Homeowners in Lake County could see their property taxes jump by around $100 this year after the county commissioners hiked the millage rate in an effort to make up for a budget shortfall.
The 18 percent rate increase wasn't popular with many residents. Even though commissioners said the final tax rate won't be that high.
The County Commission met before a packed house, with much of the crowd fuming over the property tax hike.
"You have to cut. You can't keep spending," one resident told commissioners.
The county budget is shaping up to be $15 million short, but some said the only way out is to tax their way out.
"Eighteen to 20 percent is a stick of dynamite, ladies and gentlemen," county resident Gary Youngblood said at the meeting.
But without that 18 percent millage increase, some county leaders said they'll have no choice but to impose a scorched earth policy.
"Cutting the departments as much as 40 percent, which would result in eliminating 30 to 40 positions," said County Manager David Heath.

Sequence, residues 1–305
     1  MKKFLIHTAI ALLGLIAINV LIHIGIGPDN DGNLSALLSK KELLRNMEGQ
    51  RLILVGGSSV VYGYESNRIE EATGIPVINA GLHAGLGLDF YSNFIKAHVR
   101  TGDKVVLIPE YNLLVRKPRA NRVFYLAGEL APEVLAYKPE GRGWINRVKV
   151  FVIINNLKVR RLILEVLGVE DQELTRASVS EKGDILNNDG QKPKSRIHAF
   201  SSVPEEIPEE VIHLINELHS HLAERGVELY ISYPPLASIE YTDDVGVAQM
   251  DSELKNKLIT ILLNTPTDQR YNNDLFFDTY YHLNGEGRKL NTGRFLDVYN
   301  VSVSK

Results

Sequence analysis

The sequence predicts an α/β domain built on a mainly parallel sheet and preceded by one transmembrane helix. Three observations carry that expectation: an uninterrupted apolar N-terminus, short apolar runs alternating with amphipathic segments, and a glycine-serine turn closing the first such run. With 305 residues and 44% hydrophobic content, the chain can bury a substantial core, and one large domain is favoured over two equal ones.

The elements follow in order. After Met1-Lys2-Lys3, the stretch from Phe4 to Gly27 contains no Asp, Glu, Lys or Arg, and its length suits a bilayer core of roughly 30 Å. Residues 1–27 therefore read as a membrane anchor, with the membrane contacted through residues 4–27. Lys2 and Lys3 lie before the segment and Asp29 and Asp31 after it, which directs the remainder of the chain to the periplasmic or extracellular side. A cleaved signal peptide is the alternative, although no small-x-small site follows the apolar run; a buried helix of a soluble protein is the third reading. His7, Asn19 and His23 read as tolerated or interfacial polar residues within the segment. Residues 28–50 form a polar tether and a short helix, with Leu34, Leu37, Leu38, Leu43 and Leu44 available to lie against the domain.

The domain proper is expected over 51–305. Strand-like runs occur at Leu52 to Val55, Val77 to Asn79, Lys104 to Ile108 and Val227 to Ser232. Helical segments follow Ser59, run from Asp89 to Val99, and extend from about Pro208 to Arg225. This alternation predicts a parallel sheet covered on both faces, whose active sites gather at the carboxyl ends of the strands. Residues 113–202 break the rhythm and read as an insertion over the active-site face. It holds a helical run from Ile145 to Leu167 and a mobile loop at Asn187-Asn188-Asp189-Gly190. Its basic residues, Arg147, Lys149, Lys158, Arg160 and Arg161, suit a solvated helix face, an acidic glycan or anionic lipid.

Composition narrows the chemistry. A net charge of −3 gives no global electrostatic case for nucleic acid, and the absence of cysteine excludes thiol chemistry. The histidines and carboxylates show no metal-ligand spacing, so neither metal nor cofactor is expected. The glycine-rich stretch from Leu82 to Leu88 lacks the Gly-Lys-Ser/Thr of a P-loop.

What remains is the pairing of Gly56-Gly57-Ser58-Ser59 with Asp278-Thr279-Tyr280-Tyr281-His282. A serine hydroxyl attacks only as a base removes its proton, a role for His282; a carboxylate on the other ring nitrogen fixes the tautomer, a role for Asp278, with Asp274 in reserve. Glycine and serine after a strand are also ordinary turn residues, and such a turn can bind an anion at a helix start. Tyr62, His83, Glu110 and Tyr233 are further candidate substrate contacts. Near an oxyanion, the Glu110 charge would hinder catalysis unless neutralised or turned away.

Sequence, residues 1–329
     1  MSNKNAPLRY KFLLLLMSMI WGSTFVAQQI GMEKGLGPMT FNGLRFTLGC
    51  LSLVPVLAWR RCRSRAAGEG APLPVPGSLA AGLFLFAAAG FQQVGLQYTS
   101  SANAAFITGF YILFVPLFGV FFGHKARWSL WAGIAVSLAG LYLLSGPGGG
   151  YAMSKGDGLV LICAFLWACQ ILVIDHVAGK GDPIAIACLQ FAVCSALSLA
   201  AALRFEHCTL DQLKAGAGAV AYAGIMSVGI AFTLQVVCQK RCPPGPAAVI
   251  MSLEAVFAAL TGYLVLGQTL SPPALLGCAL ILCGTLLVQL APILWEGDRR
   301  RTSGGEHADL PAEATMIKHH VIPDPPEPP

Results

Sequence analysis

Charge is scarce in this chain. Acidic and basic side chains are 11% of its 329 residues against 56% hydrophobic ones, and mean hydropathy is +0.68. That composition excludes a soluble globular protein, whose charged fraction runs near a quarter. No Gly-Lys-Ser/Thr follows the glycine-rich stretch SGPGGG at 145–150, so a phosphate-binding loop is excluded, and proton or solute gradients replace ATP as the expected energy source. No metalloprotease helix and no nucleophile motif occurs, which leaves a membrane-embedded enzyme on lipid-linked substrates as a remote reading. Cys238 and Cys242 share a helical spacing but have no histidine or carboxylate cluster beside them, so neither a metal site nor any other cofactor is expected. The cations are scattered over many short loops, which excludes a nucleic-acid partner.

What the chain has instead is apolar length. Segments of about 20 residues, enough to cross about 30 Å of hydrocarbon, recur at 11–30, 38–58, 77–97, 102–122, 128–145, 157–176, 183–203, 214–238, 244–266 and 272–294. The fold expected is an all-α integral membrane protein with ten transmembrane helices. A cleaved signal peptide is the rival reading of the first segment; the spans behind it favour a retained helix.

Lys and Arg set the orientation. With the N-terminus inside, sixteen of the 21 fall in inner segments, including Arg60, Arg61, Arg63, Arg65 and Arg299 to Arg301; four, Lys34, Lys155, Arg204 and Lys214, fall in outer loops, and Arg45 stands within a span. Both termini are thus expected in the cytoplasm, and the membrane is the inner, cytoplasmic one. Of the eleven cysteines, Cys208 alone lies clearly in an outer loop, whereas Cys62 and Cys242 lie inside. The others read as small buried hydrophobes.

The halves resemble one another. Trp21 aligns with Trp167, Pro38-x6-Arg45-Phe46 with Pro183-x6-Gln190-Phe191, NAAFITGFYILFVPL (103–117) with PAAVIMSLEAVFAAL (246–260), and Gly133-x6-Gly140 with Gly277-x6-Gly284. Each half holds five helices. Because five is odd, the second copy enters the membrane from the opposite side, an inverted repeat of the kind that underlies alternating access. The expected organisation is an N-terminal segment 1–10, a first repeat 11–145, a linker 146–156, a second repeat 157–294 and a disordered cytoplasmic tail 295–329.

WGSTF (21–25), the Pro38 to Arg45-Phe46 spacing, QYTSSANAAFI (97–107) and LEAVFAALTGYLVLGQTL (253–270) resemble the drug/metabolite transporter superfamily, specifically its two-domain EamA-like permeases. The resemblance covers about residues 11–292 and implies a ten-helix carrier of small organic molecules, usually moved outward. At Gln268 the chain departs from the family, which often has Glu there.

County leaders have already cut more than 160 jobs in recent years. Some at the meeting said if there are any more job cuts no one will want to move to Lake County.
"Do we want to be thought of as the best place to live, or be known as the cheapest place to live?" said County Commissioner Welton Cadwell.
While most on the commission agree a tax hike is necessary, they don't want to go with the full 18 percent. Commissioner Leslie Campione insists this is not the time to raise taxes at all.
"We're painting a picture that is horrible. I don't think it's that bad," said Campione.
There is a chance that the 18 percent hike with be short-lived. Final budget hearings are in September. If the millage rate hike is to be rolled back, that's where it will have to happen.